Originally, [Karman] wanted to build a speedometer for his bike. Feature creep makes fools of us all, so after a month of work [Karman] had a GPS-enabled cube that tells him his current latitude and longitude, current time, course, direction and speed.
[Karman]’s GPS cube uses a cheap GPS module, Arduino Mini Pro, a magnificent OLED display, and a LiPo battery salvaged from a first gen iPod nano. Surprisingly, the build is very clean – there are no wires, headers, or random epoxy globs sticking out everywhere. The entire build is just a bit larger than one cubic inch, allowing [Karman] to carry around the power of a GPS device in his pocket.
The code for [Karman]’s GPS cube uses the TinyGPS library for Arduino, that has a few great functions that track the number of satellites visible and report the current time. Now all that’s left to do is fabricate a case for this awesome little project. As always, video demo after the break.
Continue reading “Building a DIY GPS cube”
[sjm4306] had a small Magic 8-Ball key chain as a kid. The fluid in this key chain eventually dried up, and if [sjm] is anything like us the 20-sided die is now lost to the sands of time or at the very least hidden in a box in the basement. After remembering the old Magic 8-Ball one day, [sjm] decided to build a digital version of everyone’s favorite bewitched billiard ball.
The digital magic 8-ball uses a PIC16f886; more than enough to hold the twenty possible replies from a real magic 8-ball. The display is a tin 3 cm OLED which surprisingly emulates the ‘icosahedron with raised letters floating in purple liquid’ aesthetic very well.
Right now, this is just a breadboard prototype – there isn’t an accelerometer or tilt switch in the build yet, so shaking the project does absolutely nothing. [sjm] may add that functionality later by turning his project into a watch, key chain, or installing it in a real Magic 8-Ball case.
Sandcasting at the beach
[mkb] sent in a video he found of [Max Lamb] sandcasting a stool at a beach in England. The material is pewter, or >90% tin with a little bit copper and antimony thrown in for good measure. While we’re sure there will be a few complaints from environmentalists, it’s still a cool video to see.
Your project needs an OLED display
Here’s a Kickstarter for a tiny 96×16 OLED display. Connect this thing to any I2C bus and you get a 15×2 character display (or a graphic display if that’s your inclination) very easily. Thanks to [Chris] for sending this one in.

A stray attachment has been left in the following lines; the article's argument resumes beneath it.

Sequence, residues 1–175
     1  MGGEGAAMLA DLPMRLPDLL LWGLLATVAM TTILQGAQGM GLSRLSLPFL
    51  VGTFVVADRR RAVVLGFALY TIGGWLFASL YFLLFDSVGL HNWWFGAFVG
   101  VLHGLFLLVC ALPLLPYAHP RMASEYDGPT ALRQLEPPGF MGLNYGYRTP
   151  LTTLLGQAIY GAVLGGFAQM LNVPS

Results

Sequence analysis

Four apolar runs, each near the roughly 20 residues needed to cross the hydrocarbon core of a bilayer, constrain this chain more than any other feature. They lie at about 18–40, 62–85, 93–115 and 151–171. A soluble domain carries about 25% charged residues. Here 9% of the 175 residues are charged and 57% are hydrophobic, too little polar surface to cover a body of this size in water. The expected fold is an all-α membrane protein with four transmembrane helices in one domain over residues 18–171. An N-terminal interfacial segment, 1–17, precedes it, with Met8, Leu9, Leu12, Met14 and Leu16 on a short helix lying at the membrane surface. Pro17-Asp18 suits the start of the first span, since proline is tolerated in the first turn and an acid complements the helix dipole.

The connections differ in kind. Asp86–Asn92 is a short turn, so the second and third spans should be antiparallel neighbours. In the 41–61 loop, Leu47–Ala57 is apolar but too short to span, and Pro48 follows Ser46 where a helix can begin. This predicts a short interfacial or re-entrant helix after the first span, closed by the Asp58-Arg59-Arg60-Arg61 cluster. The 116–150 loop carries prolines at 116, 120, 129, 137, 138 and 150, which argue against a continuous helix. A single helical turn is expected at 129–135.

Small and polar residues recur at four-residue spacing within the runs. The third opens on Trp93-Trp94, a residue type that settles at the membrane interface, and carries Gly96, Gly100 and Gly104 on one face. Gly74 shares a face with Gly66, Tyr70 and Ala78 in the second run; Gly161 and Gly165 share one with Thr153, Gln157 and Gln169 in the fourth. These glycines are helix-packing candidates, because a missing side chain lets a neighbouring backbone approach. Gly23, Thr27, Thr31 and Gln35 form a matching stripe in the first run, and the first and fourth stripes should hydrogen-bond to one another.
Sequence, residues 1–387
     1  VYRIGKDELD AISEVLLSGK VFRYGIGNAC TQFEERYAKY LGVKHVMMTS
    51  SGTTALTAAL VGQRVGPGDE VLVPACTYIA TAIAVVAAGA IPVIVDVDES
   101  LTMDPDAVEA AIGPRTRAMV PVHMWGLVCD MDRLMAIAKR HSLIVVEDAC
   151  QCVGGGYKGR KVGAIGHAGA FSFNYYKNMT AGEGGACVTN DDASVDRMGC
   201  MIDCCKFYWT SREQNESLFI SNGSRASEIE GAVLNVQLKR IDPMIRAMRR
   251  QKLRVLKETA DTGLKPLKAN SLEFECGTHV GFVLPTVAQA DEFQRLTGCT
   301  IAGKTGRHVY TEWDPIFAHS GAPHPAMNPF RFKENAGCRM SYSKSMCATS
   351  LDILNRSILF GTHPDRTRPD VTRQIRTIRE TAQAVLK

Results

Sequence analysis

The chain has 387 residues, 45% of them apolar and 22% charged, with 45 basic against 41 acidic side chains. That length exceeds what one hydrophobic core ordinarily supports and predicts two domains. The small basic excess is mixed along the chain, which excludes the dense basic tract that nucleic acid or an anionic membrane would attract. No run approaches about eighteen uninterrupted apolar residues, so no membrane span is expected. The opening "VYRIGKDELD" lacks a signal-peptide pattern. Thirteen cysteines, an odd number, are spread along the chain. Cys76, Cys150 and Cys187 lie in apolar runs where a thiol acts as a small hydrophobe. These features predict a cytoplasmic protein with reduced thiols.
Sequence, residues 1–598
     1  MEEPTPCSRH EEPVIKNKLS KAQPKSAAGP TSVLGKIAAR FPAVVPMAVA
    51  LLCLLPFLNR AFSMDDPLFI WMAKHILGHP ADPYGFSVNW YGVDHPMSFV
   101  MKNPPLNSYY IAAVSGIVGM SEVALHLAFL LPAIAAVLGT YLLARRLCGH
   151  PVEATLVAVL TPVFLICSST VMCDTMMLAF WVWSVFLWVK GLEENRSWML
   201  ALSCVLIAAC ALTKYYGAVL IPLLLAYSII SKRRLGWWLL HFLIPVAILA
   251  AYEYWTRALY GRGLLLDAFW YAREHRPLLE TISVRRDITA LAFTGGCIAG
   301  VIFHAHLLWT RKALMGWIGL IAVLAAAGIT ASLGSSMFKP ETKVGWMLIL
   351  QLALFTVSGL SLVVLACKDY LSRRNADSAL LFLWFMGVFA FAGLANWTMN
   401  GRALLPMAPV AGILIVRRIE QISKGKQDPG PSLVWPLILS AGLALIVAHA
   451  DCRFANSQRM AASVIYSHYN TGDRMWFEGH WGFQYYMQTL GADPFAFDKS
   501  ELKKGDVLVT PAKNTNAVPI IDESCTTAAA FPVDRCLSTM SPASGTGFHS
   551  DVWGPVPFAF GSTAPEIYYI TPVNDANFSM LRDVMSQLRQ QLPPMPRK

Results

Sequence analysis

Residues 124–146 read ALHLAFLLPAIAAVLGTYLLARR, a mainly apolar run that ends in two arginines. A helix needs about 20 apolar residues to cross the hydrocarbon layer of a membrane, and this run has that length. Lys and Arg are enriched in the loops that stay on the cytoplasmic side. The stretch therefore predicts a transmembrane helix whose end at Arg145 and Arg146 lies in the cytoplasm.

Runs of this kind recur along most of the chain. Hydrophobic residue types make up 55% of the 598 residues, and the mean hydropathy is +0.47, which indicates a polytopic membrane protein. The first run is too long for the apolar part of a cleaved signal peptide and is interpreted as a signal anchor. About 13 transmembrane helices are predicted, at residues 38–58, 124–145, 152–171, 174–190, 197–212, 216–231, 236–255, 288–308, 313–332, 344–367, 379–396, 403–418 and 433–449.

Here’s one for a larf
[Ryan Inman] is suing 20 companies because he got mercury poisoning from vacuum tubes. Read that last line again. Most of the companies that sell antique/repro/hard-to-find components like Angela Instruments, Antique Electronic Supply, and even eBay are listed as defendants in the case. This might put at least one company out of business
even though they never sold [Ryan] a vacuum tube edit: they did sell him a neon bulb, and courts are generally idiotic when it comes to technological issues. It’s hilarious and sad, so we’ll keep you updated if we get more info.
Nostalgia, the pain from an old wound
The Adafruit blog posted an excellent piece on the Apple ][ game Rocky’s Boots, an educational game from 1982 that teaches kids how to connect logic gates. You can play this game in your browser, but we’d like to hear our stories of ancient video games that teach you engineering concepts like The Incredible Machine or Widget Workshop. Leave a note in the comments if we’re leaving any out.
A question posed to the community
A company is giving away credit card readers that plug into the headphone jack of an iDevice. [J Smith] writes in to ask us if anyone has gotten one of these and opened them up. Like [J Smith] we’re expecting something a repeat of the CueCat where free hardware is opened up to everybody. If you’ve done a teardown of one of these card readers, send it in.
[Mike] sent us a link to [neimod]’s Flickr photostream. It looks like we’re on the cusp of tearing open the Nintendo 3DS for homebrew apps. Someone who uses this much hot glue must know what they’re doing, right?